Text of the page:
For many, a remote job has long seemed like the holy grail of nine-to-five work. But doing your job from the comfort of your own home, far away from the trials of your irksome coworkers, bad snacks, and rush hour commute was a mere dream for most office employees. That is until concerns around the fast-spreading coronavirus compelled many companies to allow teams a work-from-home option in an effort to limit contagion. With collaborative technologies like Slack, Microsoft Teams, and Zoom, working from home is a safe and efficient alternative to the close quarters of in-person offices that can exacerbate COVID-19 transmission. But as many workers are beginning to learn, the reality of telecommuting isn’t exactly ideal. Working remotely can be a little isolating at times, and the resulting boredom can tank your output. For those who are new to WFH life, here are a few tips for staying productive—and sane.

Start everyday as if you were actually going into the office.

Hit snooze four times, rush your shower, drink terrible coffee, somehow lose your keys  — you know, the usual. Maintaining your status quo is key to staying productive without the structure of the office.

Dress as if you’re going to work.

Don’t fall into the trap of staying in your sweaty pajamas all day just because you’re not leaving the house. Wear a full suit! Even if you don’t normally dress up for work, the extra formality will help to make up for the fact that you’re on your couch. Wear a tie and stay in the zone.

Keep a regular routine.

Working from home can dissolve the barriers set by a regular work schedule, and make staying on task a challenge. Even if you’re just walking from your bed to your computer, you should set a time to begin working and pack a full suitcase. Make sure to budget in at least half an hour for morning gossip with coworkers!

Communicate with your remote team.

It’s crucial to continue interacting with other human beings so that they remember you exist. Start a group chat with remote coworkers to send memes, funny tweets, that story about the spider in your shower this morning — nothing is too boring for the WFH chat. Trust me, they’re just as desperate for human interaction as you are.

If you really miss the office, microwave some fish.

Nothing makes you feel like you’re working in cubicle hell like the pungent odor of hot, day old tilapia. If you’re especially nostalgic for the 9-5 life, get a terrible fluorescent lamp and bathe in the artificial glow.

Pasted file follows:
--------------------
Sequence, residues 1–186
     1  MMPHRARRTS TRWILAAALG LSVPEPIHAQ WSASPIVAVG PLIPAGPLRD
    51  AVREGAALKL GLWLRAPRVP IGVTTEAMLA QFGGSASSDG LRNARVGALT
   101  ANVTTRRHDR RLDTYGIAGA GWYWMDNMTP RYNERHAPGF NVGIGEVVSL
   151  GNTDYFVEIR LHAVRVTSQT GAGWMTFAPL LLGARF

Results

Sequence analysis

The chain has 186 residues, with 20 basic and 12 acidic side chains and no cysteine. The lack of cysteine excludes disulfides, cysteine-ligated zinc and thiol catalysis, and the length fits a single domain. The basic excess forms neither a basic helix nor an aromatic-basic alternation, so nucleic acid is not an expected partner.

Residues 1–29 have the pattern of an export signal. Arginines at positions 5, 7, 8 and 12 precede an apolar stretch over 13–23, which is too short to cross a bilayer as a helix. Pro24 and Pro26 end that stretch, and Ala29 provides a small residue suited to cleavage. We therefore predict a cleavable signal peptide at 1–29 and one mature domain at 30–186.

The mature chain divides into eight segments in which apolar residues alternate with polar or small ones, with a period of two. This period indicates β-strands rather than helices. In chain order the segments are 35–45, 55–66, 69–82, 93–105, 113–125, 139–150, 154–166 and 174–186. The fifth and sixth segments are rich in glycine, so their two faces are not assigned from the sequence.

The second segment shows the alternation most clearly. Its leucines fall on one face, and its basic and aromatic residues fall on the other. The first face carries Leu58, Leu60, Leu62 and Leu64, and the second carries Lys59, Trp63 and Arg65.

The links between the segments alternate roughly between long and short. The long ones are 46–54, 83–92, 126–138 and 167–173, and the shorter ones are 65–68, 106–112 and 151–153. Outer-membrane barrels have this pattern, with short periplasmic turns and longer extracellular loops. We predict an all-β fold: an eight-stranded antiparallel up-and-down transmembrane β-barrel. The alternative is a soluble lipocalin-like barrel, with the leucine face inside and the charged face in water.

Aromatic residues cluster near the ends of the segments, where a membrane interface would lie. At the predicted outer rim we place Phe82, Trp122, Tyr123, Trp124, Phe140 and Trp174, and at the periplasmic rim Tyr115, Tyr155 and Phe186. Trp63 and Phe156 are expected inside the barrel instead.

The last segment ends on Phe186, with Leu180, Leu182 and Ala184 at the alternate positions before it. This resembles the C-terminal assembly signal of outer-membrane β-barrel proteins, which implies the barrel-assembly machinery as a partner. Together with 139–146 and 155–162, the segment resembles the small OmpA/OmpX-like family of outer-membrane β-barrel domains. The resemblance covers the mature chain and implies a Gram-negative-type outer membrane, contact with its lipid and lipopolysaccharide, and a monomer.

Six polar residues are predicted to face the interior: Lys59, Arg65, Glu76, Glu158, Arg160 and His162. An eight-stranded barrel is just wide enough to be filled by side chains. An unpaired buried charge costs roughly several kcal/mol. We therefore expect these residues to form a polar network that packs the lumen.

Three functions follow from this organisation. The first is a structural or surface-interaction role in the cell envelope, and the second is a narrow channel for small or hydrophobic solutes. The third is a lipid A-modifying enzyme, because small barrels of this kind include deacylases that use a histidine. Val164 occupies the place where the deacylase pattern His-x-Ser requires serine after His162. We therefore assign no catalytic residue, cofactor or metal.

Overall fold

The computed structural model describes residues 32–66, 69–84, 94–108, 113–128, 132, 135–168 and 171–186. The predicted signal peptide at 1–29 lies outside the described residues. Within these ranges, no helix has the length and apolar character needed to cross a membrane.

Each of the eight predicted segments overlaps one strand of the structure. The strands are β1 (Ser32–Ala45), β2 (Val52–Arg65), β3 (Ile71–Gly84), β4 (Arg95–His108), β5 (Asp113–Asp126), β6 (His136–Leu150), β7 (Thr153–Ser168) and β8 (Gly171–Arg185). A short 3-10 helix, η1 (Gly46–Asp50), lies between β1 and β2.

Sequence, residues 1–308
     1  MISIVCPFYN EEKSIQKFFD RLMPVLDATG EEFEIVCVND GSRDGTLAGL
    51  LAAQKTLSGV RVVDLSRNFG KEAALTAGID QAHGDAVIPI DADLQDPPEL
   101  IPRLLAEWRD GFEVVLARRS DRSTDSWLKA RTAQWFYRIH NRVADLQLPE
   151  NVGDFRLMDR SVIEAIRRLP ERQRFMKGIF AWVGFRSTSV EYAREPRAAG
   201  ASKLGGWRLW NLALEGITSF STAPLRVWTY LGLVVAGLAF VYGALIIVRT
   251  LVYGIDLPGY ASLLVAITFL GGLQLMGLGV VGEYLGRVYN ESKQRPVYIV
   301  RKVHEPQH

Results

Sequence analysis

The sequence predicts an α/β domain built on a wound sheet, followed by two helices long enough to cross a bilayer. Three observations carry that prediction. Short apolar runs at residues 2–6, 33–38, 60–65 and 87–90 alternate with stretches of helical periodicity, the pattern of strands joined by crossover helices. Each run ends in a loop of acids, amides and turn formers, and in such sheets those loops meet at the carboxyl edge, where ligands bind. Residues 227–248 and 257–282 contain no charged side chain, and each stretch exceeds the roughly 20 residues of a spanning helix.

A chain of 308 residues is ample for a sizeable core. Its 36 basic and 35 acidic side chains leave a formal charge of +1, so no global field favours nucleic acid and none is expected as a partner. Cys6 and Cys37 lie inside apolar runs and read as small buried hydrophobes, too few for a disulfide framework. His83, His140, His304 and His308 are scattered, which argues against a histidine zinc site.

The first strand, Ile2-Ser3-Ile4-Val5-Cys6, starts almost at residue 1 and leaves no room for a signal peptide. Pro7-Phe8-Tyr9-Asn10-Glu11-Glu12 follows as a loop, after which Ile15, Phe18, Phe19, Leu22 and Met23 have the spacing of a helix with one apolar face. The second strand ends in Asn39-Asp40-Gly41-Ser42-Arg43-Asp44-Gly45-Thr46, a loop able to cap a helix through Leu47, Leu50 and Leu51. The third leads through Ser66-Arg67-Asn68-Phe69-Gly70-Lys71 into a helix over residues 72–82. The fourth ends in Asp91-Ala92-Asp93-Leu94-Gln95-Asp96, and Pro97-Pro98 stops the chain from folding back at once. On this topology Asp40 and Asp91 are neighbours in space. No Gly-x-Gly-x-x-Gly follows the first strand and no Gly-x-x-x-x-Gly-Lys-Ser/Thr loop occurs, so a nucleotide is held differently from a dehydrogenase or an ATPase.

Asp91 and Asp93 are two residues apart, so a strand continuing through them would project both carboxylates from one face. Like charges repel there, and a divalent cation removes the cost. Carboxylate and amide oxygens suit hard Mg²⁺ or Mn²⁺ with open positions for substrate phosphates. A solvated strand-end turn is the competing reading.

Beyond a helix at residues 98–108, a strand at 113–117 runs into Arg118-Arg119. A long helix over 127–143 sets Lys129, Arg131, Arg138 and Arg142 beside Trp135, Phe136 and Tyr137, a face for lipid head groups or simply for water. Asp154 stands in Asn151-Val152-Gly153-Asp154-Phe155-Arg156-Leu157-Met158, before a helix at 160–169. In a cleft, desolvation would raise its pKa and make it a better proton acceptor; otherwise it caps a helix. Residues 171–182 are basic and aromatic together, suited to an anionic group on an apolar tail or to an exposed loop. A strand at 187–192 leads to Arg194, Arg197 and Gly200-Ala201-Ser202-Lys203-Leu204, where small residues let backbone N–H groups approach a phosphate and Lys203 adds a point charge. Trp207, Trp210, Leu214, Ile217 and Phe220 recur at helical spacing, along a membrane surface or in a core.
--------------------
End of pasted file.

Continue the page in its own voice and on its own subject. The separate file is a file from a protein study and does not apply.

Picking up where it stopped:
Don't work from your bedroom.

Getting too cozy will make your productivity nosedive. Plus, the sight of your pillows and stuffed animals tends to make video calls a little awkward. Clean at least one corner of your home to give the illusion that you have your life together.

Do work from your car.

Change things up by dialing into your conference call from the driver’s seat! You can pretend you’re a high powered executive with no time to waste, or that you’re calling into your favorite radio show and finally got through. The prize? A paid working vacation in your very own home. Fun!

Hide your non-work related tabs while screen sharing.

There’s nothing worse than giving an incredible presentation, and then ruining it by accidentally revealing how many times you’ve visited your crush’s Facebook that day. When working from home, it’s imperative that you maintain a healthy separation between the personal and professional. That means turning off notifications, closing out unrelated browser windows, and muting calls when you’re not speaking.

Show up late once in a while.

Just because your commute is only five feet doesn’t mean you can’t get caught up in the morning just like everyone else. You might take an extra long shower, get way too involved in a Twitter thread, or even simply feel hungover! Keep things interesting by slacking off now and then.

Set aside time for fully uninterrupted work.

Okay, obviously slacking off isn’t solid WFH advice — but it is something that can happen when there isn’t anyone else around to keep you on task. Practice self-discipline by participating in deep work to curb burnout and get your work done efficiently.

Take breaks throughout the day.

Just because you can’t walk over and gossip with your work bestie doesn’t mean you should be on task nonstop. A key part of deep work is scheduling down time! Stretch, make tea, check Instagram (obviously), and give yourself brain breaks at regular intervals.

Use your body.

No one wants to think about their burdensome flesh bag of a body while they’re trying to be productive, but physical and mental health go hand in hand. Apps like Stand Up! remind you to get out of your seat, and make staying active while you work from home a breeze. If you really want to multitask, use a standing desk and balance board while you check items off your to-do list. If you don’t have a balance board, your roommate’s skateboard will work in a pinch.

It’s okay to keep it a little casual.

The best part of working from home? No one is going to know if you wear your favorite threadbare pajama pants all day. Even a video chat doesn’t see below the waist! Every seasoned telecommuter knows the WFH motto, “Business on the top, cozy on the bottom.” Throw a blouse on over those torn, hole-y snowman PJs you’ve had since 2007 if you need to dress it up for a video conference. Just don’t stand up.

But not too casual.

You know that chair you absolutely love, the one with the matching ottoman at the perfect height that also faces the window overlooking that pretty oak tree? Don’t work from there. Even though this heavenly spot might seem like the ideal space for maximum productivity, hours sitting there typing away with a hot laptop burning the front of your thighs will ruin its relaxation magic forever.

Get doughnuts “for the office.”